In addition to network and television solutions, the center in Israel also works in other spheres. The first is security, "but in a different way," Shalom explains. "The way we help AT&T in the context of security is by generating insights relating to security from the very large amount of information passing through us. We refine the insights and risks for AT&T's customers, present the risk to the customer very simply, and enable him to respond almost in real time to such risks, and to take the actions required in order to reduce the risk."

Another area is the redhot Internet of Things (IoT). "As a global telco, AT&T regards itself as a leading global player in connecting devices to its network. In this sphere, AT&T Israel is developing solutions that make it possible to manage those devices almost completely as soon as they are hooked up to the company's network - how the information is received, how it is processed, and later how the information is used to build a practical app for the customer. The solution is put on the company's cloud or other clouds, so that it will be easy for the customer to use it."

So the global company is exposed to the Israeli market exclusively through you.

"In addition to the development center, AT&T also has an innovation center in Ra'anana. The innovation center's job is to enable Israeli startups that want to offer their wares to the company to reach AT&T decision-makers directly. If AT&T finds that the startup's solutions have value, it starts using those solutions. There have been Israeli companies that developed and grew thanks to the entry card they got at the innovation center. In this sense, the company definitely feels that it is getting dividends on its investment."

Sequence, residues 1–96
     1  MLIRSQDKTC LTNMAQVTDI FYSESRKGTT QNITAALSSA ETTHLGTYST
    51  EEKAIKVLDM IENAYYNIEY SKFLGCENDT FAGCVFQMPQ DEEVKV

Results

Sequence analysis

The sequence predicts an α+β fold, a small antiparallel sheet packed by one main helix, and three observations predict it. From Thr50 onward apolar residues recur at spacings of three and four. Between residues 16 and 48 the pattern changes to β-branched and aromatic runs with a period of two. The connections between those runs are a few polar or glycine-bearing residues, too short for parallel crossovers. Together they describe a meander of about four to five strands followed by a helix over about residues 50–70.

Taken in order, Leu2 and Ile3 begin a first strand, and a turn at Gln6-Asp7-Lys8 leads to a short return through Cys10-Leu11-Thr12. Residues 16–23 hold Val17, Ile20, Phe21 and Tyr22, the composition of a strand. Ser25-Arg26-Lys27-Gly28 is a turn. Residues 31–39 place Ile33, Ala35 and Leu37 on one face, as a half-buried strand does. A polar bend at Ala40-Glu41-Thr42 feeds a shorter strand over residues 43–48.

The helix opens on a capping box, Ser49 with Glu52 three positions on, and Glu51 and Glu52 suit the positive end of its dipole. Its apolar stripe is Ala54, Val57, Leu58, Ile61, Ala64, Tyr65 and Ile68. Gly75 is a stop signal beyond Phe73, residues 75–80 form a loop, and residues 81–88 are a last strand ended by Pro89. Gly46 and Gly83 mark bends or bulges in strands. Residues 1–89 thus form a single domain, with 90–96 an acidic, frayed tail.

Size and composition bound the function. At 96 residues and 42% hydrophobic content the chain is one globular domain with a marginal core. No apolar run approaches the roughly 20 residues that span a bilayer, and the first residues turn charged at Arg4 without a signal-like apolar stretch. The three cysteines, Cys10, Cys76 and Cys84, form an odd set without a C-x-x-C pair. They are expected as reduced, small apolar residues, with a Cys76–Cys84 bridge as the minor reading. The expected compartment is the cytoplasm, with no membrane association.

How are you budgeted? How does the system work - on the basis of success?

"We're budgeted just like the company's other development organizations. The basis is the company's business needs - it analyzes them and sets its priorities at the level of investment in innovative or existing products according to market trends. On the basis of that analysis, a decision is made to invest in certain areas. That is what happens in the vast majority of cases, but there are certain cases in which we initiate an idea based on our knowledge of the technology on the one hand and AT&T's business on the other. We very frequently come to the company with ideas for new developments, new capabilities for existing products, or completely new products, and offer them to the person who manages the customer portfolio. If that person is convinced that there is really value for the customers here, he or she can decide to budget it, and then we start developing the products for the company. This cooperation is very close."

Are you not involved in 5G mobile communications, on which the company is working intensively?

"In a certain sense, SDN is part of 5G, and we're investing in it this way. I believe that just as we're involved in the company's other strategic areas, we'll find a way to help this company in this respect, too."


Activity: Telephony, Internet, and television

Founded: 1885

Headquarters: Dallas, Texas

Revenue in 2016: $163.8 billion

Employees worldwide: 273,000

Published by Globes [online], Israel Business News - www.globes-online.com - on October 9, 2017

© Copyright of Globes Publisher Itonut (1983) Ltd. 2017

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Nir Shalom  photo: Eyal Izhar
Nir Shalom photo: Eyal Izhar